MoD ‘asks court to block compensation claims’

  • Posted

Posted 11/05/2011

The Ministry of Defence (MoD) has asked the high court to block compensation claims from the families of four soldiers who died in Iraq.

Relatives of Private Lee Ellis, Lance Corporal Kirk Redpath, Corporal Stephen Allbutt and Private Phillip Hewett, who were killed in separate incidents, allege the army failed to provide them with essential equipment, the BBC reports.

They claim that had adequate protective measures been fitted to their vehicles, their deaths could have been avoided.

However, the MoD has argued that such equipment was not available and asked for the claims to be “struck out” as complex decisions about military operations should not be made by judges.

Lawyers for relatives of the solders have urged the court not to block the compensation bid, as it raises serious legal questions about the duty of care the MoD has to its personnel in war zones.

Another soldier to claim against the MoD recently is Sergeant Rick Clements, who is contesting a cap on compensation awards of £575,000 after he lost both of his legs in a landmine explosion.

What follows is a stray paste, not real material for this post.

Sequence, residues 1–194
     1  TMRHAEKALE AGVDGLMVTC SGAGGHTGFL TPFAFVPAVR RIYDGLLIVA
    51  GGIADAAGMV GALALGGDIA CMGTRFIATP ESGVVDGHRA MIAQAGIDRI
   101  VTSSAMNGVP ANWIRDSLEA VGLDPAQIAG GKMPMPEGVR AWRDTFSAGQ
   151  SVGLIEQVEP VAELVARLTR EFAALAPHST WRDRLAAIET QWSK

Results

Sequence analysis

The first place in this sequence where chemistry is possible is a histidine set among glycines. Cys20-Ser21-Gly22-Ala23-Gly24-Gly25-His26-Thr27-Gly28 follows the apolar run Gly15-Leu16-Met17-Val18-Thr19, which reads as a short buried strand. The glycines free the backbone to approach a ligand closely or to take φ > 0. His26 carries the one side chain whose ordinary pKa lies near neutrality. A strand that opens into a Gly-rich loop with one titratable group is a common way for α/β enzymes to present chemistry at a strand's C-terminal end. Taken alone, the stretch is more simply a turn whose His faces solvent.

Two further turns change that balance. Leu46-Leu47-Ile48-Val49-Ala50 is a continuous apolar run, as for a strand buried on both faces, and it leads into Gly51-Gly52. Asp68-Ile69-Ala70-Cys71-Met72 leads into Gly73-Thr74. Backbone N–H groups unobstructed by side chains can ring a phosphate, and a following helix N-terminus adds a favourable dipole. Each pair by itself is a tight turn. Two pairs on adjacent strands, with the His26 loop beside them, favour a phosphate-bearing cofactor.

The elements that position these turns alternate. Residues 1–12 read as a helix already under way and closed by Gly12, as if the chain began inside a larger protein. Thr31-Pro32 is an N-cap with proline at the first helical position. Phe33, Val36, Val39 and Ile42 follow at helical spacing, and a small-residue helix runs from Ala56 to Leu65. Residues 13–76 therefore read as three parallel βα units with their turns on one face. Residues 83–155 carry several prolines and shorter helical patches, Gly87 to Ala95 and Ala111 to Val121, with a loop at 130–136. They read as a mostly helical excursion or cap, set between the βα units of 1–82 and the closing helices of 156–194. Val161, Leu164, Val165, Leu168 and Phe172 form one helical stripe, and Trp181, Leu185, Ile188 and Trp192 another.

Simon Davis, a partner in Ashtons Legal’s personal injury team, commented: “It may surprise people to know that members of the Armed Forces can sue the Ministry of Defence for damages for personal injury even in a war zone. This has been the case since the Crown Proceedings (Armed Forces) Act 1987.

“The families of the soldiers suing here have paid the highest price for those soldiers’ service to the country and it has to be right that any shortcomings in provision of equipment should be reviewed by the Court in the absence of any admission.

“It is difficult to see how the Ministry of Defence can be held to account in any other way. We would not want to see a situation in which the Ministry of Defence can be their own judge of the degree to which they are responsible to those for whom they are responsible and of whom they ask so much.”


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